Smartphones getting even smarter – Used to detect earthquake tremors



Smartphone have come into some criticism in the past regarding information gathered from users; however the latest idea for using our phones to gather details could be used to save lives. The latest thinking from the team at the Berkeley Seismic Laboratory believes the accelerometers in smartphones can be used to monitor earthquakes and tremors.


The accelerometer, used for rotating the screen, could be used in conjunction with an app to record activity during an earthquake and this data can then be fed back to a server over the mobile network. With smartphones seeing such a huge jump in sales and popularity, researchers would be able to get information and data from virtually anywhere an event occurs.

The detailed information on what was felt where could be used to develop early warning systems which in turn could save countless lives where seconds matter in such situations. The data could also be used in risk planning, as certain areas could be identified as more at risk than others thanks to the data fed back from the phones.


Development of the app has been discussed to send out warning messages to smartphone users giving advice on what to do and could give those vital few seconds to get in a safer place.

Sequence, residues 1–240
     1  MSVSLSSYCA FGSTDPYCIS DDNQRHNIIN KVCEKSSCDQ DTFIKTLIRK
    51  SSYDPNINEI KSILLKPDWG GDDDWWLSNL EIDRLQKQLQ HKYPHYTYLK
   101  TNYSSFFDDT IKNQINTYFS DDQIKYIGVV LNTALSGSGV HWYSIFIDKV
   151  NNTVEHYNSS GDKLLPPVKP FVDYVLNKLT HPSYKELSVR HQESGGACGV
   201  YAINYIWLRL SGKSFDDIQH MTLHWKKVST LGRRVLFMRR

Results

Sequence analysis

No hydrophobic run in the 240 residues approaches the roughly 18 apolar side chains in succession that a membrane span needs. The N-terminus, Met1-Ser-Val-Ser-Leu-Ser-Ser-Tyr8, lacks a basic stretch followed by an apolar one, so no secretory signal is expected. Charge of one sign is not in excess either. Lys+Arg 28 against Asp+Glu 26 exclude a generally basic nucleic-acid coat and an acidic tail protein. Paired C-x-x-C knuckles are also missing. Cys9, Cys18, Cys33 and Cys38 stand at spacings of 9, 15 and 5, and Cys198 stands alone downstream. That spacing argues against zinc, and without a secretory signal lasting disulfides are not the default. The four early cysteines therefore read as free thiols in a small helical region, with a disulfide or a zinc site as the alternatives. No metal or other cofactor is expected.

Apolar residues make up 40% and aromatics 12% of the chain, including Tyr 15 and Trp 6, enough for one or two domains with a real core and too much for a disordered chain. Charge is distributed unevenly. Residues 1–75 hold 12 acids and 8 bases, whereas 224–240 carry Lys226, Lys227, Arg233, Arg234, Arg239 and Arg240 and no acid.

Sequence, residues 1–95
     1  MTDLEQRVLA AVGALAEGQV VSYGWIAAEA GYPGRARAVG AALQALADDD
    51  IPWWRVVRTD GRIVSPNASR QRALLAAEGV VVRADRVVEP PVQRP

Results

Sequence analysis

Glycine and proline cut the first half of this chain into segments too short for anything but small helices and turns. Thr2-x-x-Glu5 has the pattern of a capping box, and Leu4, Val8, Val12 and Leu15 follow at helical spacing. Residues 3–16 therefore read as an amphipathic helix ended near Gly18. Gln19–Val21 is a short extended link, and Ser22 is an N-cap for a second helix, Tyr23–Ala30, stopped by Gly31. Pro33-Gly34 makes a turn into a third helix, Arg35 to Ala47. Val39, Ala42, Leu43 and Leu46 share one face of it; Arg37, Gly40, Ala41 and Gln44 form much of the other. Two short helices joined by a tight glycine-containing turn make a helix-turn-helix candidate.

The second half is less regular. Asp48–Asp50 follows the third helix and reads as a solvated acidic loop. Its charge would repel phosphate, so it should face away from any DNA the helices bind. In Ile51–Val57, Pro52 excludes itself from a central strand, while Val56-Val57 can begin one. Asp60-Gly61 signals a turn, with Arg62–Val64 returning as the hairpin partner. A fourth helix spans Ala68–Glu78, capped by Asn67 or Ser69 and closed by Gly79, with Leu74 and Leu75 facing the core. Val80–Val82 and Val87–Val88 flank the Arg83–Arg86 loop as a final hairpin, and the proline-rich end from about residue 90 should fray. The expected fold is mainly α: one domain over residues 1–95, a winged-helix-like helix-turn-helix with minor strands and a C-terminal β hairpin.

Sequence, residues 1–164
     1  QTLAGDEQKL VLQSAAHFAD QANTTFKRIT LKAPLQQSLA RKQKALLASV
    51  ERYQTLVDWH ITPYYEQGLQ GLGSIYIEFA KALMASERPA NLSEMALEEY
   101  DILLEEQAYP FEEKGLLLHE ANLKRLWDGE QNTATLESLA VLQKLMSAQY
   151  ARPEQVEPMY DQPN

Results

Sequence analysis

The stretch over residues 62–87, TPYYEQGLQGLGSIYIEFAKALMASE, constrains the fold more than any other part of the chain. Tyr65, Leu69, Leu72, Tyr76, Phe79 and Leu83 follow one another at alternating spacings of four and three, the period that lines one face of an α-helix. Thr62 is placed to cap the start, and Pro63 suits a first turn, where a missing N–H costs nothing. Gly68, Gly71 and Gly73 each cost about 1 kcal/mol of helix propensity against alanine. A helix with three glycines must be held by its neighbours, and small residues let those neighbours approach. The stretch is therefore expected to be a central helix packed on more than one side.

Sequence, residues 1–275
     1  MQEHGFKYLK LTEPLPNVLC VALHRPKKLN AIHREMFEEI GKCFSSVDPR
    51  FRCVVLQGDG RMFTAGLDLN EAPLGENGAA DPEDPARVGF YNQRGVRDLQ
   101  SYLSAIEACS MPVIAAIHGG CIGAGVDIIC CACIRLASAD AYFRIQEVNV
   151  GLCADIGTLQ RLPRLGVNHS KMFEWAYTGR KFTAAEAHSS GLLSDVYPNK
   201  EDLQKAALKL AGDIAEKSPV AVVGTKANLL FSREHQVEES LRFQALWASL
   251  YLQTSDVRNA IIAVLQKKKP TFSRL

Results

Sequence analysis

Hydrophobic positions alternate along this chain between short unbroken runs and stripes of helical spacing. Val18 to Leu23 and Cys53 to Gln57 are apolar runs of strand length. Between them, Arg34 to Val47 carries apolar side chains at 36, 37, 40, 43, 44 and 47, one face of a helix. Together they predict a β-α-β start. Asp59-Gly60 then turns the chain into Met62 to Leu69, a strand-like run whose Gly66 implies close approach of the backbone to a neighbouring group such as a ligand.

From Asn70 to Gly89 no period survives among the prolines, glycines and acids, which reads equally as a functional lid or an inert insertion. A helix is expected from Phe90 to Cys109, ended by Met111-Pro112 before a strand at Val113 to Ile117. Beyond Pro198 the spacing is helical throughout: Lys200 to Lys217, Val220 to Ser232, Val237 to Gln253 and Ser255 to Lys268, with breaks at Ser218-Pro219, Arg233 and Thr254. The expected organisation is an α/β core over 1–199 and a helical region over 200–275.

At first it was thought that perhaps it couldn’t be done, but tests done on the lab’s “shake table” showed the accelerometers would be able to collect the data.


One of the issues faced by researchers was the “human noise” that the accelerometers picked up such as the phone user walking or running but they soon overcame that with an algorithm that can ignore this information.


As it stands the project is in its infancy with the team hoping to ramp up progress by recruiting more people to conduct tests in the Bay area of San Francisco next year. Qinkai Kong, a researcher at the University of California, Berkeley said “Right now, we can only detect earthquakes above about Magnitude 5.0, but with better accelerometers in future smartphones we would hope to detect smaller ones as well.”









Comments are closed.